While a growing number of Americans support raising the federal debt ceiling, Republican lawmakers remain fastidiously committed to plunging the nation into an economic crisis that could bring about a bigger GDP drop than the 2008 recession. Ignoring the foreseeable danger, Republicans insist on holding the necessary increase in the debt ceiling hostage for destructive demands like a balanced budget amendment or crippling budget cuts. Last week, Tea Party Doyen Sen. Jim DeMint (R-SC) signaled that if any Republicans should go “the wrong way” and vote to raise the debt ceiling, he would work to oust them in 2012.
DeMint’s dangerous political posturing, however, drew scoffs from Sen. Al Franken (D-MN). Speaking with ThinkProgress at Netroots Nation this past weekend, Franken blasted DeMint and the GOP’s “hostage-taking” on the debt ceiling as an “unconscionable” gamble with the “full faith and credit” of the U.S.:
FRANKEN: I think it’s unconscionable. This is really playing with the full faith and credit of the United States government. We don’t know for sure what the effect would be, but we may be risking a worldwide depression by doing this. Basically, the world economy is based on the dollar and based on the Treasury. And for us to allow the default on treasuries would be, I think, an absolute disaster. This kind of hostage-taking to me is unconscionable.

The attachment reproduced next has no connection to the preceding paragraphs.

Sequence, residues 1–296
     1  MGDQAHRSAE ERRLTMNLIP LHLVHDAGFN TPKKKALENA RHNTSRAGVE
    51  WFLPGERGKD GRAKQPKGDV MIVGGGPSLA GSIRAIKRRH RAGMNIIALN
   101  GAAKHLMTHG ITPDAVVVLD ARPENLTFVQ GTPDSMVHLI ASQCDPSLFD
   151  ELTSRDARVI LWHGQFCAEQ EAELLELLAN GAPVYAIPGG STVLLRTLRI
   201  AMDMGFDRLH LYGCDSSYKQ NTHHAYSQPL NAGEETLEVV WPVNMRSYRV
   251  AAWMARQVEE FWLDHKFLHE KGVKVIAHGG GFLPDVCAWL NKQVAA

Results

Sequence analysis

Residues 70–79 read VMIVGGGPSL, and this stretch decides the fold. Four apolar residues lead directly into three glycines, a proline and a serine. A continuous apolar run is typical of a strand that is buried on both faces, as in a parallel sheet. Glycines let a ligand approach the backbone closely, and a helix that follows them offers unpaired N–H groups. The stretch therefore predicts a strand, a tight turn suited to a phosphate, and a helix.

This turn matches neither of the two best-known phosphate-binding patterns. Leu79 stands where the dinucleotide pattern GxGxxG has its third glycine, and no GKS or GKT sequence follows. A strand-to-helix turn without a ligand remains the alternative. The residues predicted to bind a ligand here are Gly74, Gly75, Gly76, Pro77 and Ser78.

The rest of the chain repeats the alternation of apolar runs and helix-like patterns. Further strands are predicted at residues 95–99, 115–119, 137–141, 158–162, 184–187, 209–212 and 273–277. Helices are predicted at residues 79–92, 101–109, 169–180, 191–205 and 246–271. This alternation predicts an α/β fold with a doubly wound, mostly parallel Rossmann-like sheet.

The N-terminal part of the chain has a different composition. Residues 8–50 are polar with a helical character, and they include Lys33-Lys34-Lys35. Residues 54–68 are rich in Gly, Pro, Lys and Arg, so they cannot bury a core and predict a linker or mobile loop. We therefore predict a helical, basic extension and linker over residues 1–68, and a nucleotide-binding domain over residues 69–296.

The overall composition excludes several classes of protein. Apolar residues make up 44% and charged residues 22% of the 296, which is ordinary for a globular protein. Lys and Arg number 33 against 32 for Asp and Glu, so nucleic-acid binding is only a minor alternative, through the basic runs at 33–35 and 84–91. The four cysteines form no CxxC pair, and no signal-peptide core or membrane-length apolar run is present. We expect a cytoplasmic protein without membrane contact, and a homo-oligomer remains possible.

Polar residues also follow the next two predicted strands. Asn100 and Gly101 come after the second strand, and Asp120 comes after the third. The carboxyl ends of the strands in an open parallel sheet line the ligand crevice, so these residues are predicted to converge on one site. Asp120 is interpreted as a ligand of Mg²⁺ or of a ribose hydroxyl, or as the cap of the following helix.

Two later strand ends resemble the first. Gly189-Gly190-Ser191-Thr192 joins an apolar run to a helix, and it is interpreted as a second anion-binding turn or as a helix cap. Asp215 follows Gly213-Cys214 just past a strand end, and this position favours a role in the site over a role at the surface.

Given the comprehensive nature of the consequences of failing to raise the debt ceiling, “absolute disaster” may be putting it lightly. Federal Reserve Chairman Ben Bernanke recently noted that even a short-term default could result in cuts to vital programs like Social Security, Medicare, and the military. The Wall Street Journal noted that, if Republicans hold out long enough, their failure could serve to negate all of the expected 2011 economic growth. The U.S default would also land a severe blow an already fragile housing market that is currently experiencing a downward spiral worse than that of the Great Depression. Be it “absolute disaster” or “unconscionable,” Franken’s characterization of this issue is undeniably more accurate than that of the GOP.